A patient with cirrhosis may develop renal failure for a number of reasons. Appropriate management requires identification of the conditions that may be affecting the patient. Mackelaite et al proposed a diagnostic approach to evaluate these patients.


Conditions that need to be considered:

(1) extracellular fluid (ECF) loss with prenal azotemia

(2) nephrotoxic medications

(3) ischemic acute tubular necrosis

(4) glomerulonephropathy

(5) obstructive uropathy

(6) hepatorenal syndrome


Clue to Look For

Additional Finding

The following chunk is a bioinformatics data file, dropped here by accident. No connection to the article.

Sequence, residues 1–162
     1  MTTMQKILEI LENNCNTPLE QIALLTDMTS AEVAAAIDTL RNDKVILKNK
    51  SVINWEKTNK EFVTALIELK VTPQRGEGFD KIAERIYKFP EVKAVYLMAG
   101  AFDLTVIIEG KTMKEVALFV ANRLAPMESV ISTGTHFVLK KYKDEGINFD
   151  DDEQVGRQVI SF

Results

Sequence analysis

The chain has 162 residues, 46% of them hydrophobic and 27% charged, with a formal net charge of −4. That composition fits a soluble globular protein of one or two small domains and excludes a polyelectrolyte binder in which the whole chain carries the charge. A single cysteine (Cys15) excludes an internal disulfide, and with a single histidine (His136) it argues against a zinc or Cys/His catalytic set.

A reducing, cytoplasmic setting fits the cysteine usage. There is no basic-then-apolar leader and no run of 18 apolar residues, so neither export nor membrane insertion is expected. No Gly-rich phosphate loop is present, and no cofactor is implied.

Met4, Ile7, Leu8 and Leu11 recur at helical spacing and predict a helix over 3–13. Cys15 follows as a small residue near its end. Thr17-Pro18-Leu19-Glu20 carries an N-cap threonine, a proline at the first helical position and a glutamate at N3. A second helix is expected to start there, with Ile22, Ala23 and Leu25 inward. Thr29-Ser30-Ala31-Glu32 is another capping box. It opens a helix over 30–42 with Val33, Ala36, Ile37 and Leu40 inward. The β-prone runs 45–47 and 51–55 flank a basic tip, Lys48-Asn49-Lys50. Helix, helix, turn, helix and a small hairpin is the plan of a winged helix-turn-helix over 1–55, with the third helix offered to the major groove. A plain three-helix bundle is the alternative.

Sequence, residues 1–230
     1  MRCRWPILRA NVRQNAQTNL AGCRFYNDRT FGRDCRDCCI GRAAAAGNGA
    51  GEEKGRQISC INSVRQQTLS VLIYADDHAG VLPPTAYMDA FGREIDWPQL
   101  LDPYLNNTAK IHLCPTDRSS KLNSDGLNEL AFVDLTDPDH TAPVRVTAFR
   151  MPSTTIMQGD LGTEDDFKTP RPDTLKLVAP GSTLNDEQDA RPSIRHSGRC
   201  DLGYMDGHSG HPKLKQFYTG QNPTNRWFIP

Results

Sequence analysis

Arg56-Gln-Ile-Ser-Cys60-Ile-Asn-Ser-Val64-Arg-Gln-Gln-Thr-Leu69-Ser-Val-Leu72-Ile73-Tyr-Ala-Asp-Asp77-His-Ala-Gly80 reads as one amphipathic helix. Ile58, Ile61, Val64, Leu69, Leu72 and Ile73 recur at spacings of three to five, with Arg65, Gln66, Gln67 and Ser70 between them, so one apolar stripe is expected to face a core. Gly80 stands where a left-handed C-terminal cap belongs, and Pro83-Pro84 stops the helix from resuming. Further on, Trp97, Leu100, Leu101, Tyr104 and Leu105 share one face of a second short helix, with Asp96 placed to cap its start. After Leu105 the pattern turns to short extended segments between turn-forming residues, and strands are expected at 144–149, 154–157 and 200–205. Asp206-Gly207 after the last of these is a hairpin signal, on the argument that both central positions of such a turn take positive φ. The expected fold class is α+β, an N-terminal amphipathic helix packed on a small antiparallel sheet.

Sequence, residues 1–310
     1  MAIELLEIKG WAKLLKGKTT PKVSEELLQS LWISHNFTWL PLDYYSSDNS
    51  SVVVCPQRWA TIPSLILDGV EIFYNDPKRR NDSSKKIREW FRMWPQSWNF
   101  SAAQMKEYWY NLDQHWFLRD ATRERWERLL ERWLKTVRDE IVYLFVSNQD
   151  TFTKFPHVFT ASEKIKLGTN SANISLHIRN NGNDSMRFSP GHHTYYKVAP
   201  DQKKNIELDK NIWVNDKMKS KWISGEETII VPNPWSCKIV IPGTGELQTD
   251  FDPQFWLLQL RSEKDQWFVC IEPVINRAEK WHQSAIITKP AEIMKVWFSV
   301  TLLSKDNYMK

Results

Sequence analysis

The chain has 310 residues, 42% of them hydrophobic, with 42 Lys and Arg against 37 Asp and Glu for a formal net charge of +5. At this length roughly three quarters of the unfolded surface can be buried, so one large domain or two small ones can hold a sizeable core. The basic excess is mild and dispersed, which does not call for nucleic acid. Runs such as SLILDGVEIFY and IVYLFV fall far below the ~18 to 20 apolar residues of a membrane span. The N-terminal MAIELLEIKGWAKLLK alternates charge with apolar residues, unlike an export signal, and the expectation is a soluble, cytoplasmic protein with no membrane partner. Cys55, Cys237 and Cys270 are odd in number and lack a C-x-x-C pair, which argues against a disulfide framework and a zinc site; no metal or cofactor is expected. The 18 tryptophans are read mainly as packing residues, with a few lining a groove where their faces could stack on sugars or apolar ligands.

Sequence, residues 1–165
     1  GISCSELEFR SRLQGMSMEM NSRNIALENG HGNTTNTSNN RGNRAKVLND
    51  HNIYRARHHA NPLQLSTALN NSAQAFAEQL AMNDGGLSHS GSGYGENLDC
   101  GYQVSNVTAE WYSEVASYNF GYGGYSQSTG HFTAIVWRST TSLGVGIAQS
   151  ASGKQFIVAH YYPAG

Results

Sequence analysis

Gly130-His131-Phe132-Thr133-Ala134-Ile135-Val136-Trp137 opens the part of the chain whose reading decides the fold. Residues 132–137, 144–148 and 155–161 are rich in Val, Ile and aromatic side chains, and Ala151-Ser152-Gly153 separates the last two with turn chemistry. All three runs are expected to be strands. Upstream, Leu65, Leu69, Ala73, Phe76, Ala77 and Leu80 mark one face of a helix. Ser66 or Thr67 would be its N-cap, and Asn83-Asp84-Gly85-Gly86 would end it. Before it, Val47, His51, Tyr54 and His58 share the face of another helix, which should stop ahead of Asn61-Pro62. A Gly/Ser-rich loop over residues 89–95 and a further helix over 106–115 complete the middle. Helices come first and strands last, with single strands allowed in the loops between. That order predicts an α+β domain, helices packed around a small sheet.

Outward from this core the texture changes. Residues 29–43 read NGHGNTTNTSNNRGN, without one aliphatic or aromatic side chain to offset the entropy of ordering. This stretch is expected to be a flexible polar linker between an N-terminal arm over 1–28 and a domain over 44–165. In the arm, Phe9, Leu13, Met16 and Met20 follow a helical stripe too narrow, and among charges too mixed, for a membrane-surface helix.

ECF fluid loss

rapid or excessive diuresis, vomiting, diarrhea, hemorrhage, large volume paracentesis, drugs such as NSAIDs or ACE inhibitors causing hemodynamic changes

improves if fluid loss controlled and/or albumin infused

nephrotoxic drugs or chemicals

radiocontrast material, aminoglycoside

improves if nephrotoxic exposure stops but recovery may be delayed

ischemic acute tubular necrosis

hypotension (sepsis, hemorrhage, other)



proteinuria, dysmorphic red cells or RBC casts in urine sediment

renal biopsy

obstructive uropathy

hydronephrosis, hydroureter, urinary retention

improves after relief of obstruction (unless long-standing)


portal hypertension with elevated serum creatinine



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